Most people I talk to who work in Emergency or Acute Medicine hate chest pain. Personally I think they’re crazy but I can see where they’re coming from. Chest pain is the most common reason for emergency admission, making up 1 in 4 acute medical admissions. Most of those patients (at least three quarters, depending on where you come from) will have ACS ruled out after investigation. No wonder we’re disillusioned. And the initial management is hardly challenging either, right? Aspirin, nitrates +/- opiates, clopidogrel and antithrombotics (fondaparinux or low molecular weight heparin), check the ECG and the troponin and take a careful history and examination. Easy peasy. Antiplatelets like clopidogrel or prasugrel (the thienopyridines) have been on the menu for years – ever since the CURE trial, which seemed to show early benefit even in ‘lower risk’ patients – although remember that most patients in that trial either had ECG changes or troponin elevations.
Along came ACCOAST…
This recent trial was published in the NEJM. The abstract is below. If you can access the full paper it’s well worth a read…
[DDET Why is this trial important?] In the ED we often treat patients with suspected ACS with antiplatelet agents empirically, before the diagnosis has been confirmed. Most of these will ultimately have that diagnosis excluded. Our highest risk patients who have dynamic ECG changes or substantial troponin elevations are likely to undergo coronary intervention. We need to know whether these patients derive benefit from being pre-loaded with antiplatelets in the ED, potentially 24 hours or longer before the intervention, or whether we ought to wait until nearer the time. Clearly, antiplatelets aren’t without risk – they can cause major bleeding, so it’s important to know that the benefits outweigh that risk for our patients. What’s more, the newer antiplatelets (prasugrel and ticagrelor) act much quicker than clopidogrel and their action is more reliable. It may be that there is less benefit in pre-treatment when these newer agents are used.
The ACCOAST trial set out to determine whether preloading high risk patients with ACS (who don’t have ST elevation) with the antiplatelet prasugrel is better than giving prasugrel after angiography, and only to those patients who needed intervention. [/DDET]
[DDET Who was studied and what was the intervention?] The patients were quite high risk. They all had confirmed ACS (without ST elevation) and a troponin rise. They were randomised to get prasugrel before angiography (30mg) + 30mg if they underwent PCI (the pre-loaded group) or prasugrel (60mg) only if they underwent PCI – i.e. with no pre-loading. There seems to have been appropriate placebo control and blinding. [/DDET]
[DDET What was the primary outcome?] A composite of the following within 7 days:
* Myocardial infarction
* Urgent coronary revascularisation
Or * The need for rescue therapy with a glycoprotein IIB/IIIA inhibitor
I can follow the rationale for the first 2 outcomes, and I understand the third – which is very commonly used in cardiovascular trials. I’m not sure I’m convinced that the fourth outcome is actually as clinically relevant though – and it seems rather subjective. We do need to bear that in mind when interpreting the results. [/DDET]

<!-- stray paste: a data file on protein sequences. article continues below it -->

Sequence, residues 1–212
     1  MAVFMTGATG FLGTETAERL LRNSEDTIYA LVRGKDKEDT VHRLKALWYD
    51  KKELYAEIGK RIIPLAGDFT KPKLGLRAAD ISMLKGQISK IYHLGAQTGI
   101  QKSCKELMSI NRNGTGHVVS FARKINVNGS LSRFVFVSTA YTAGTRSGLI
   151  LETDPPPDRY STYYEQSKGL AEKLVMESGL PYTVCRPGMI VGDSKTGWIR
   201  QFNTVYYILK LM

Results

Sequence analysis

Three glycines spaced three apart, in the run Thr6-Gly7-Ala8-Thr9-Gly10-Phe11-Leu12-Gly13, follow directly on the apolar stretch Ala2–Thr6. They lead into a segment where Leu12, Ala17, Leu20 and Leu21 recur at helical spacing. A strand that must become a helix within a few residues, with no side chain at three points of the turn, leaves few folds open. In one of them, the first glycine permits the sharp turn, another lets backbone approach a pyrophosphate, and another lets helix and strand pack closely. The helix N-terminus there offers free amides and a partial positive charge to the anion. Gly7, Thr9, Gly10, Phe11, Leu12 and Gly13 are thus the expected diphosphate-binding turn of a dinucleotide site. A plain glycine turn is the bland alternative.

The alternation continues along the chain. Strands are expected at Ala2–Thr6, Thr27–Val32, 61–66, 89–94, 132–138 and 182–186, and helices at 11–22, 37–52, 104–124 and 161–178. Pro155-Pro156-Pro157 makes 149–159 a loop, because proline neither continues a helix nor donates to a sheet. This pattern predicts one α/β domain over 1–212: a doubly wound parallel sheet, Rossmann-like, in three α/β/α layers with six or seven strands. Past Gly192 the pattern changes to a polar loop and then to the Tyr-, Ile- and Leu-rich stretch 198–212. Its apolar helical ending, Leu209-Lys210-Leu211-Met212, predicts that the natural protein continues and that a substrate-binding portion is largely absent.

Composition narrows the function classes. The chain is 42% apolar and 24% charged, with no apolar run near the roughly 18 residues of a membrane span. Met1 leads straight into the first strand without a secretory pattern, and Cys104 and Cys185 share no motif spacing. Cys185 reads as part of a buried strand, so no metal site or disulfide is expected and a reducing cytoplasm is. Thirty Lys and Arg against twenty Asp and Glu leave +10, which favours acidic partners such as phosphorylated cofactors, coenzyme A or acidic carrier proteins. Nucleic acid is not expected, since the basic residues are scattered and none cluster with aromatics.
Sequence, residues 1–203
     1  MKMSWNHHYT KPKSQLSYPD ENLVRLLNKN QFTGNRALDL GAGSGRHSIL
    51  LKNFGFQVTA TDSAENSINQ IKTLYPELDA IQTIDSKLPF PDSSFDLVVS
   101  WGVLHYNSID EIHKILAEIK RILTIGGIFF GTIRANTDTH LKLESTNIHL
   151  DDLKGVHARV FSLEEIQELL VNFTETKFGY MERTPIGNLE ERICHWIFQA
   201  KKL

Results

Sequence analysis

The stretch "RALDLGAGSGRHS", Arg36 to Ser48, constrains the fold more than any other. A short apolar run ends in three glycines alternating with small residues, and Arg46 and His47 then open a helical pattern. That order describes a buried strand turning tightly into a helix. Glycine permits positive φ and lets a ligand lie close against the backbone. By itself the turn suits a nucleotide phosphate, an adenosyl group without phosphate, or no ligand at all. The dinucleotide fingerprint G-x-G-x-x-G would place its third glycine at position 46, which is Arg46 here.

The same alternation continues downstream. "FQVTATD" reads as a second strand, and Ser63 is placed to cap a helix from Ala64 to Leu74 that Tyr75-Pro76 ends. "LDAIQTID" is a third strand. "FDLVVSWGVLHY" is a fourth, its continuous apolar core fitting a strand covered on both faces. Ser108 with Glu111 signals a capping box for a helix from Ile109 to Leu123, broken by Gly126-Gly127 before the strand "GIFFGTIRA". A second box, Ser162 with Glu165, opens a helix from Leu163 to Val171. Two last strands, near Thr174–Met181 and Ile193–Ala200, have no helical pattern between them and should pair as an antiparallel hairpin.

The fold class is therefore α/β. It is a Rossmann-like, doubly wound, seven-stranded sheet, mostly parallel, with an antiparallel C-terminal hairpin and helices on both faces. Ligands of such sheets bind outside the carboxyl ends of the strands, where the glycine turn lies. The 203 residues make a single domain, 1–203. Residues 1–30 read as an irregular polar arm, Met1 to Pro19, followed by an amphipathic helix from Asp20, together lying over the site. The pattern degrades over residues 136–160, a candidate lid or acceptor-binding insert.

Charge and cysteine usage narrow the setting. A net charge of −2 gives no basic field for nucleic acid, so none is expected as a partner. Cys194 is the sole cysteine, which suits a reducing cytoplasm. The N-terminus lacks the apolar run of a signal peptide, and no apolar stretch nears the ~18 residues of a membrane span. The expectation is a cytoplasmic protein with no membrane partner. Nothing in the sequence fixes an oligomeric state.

[DDET Is this trial appropriately powered?] The trial included 4,403 patients, 398 of whom developed the primary outcome. The authors’ power calculation supposed that 400 patients with the primary outcome (and 4,100 patients in total) would be needed to provide 80% power to detect a relative risk reduction of 24%. We don’t know why they decided that 24% was the minimal clinically significant difference, which is a bit of an issue, but the authors at least did have a rationale for their sample size and achieved that. [/DDET]
[DDET What were the key findings?] There was no difference in the rate of the primary outcome. 10.0% of patients who were pre-treated developed the primary outcome compared to 9.8% of the control group (p=0.81). Similarly, there were no differences in the rates of death, myocardial infarction, urgent revascularisation or stroke – but remember that these are secondary outcomes and the trial was not powered to detect differences in them.
In contrast, more patients in the pretreatment group developed major bleeding than in the control group (2.6% vs. 1.4%). The hazard ratio was 1.90 (95% CI 1.19 – 3.02, p=0.006) meaning that patients who were pre-treated were developing major bleeding at almost twice the rate of those in the control group through the first 7 days of follow up. By day 30 the hazard ratio was 1.97 – meaning that patients who were pre-treated were still developing more major bleeding. [/DDET]
[DDET What does this mean for our practice?] Accepting some of the limitations of this work (e.g. the inclusion of glycoprotein inhibitor bailout therapy in the primary outcome), there’s still plenty we can take away. Pre-treated patients didn’t do better than patients treated selectively after angiography. In fact, they did worse overall – because they were more likely to develop major bleeding.
If patients with confirmed non-ST elevation ACS don’t benefit from pre-loading with antiplatelets, the benefit-harm ratio can only get worse if we use these agents in undifferentiated patients who don’t yet have the diagnosis confirmed. That should make us think twice about using antiplatelets in the ED.
In my opinion, the bottom line is that antiplatelets as a routine treatment for patients with presumed ACS are out. Unless your hospital is still using clopidogrel (which has a slower onset of action) there’s also an argument for reserving prasugrel or ticagrelor for those patients who have actually undergone coronary intervention – and therefore not loading in the ED. [/DDET]
This paper may have a few weaknesses. (What trial doesn’t?) But it has definitely changed my practice!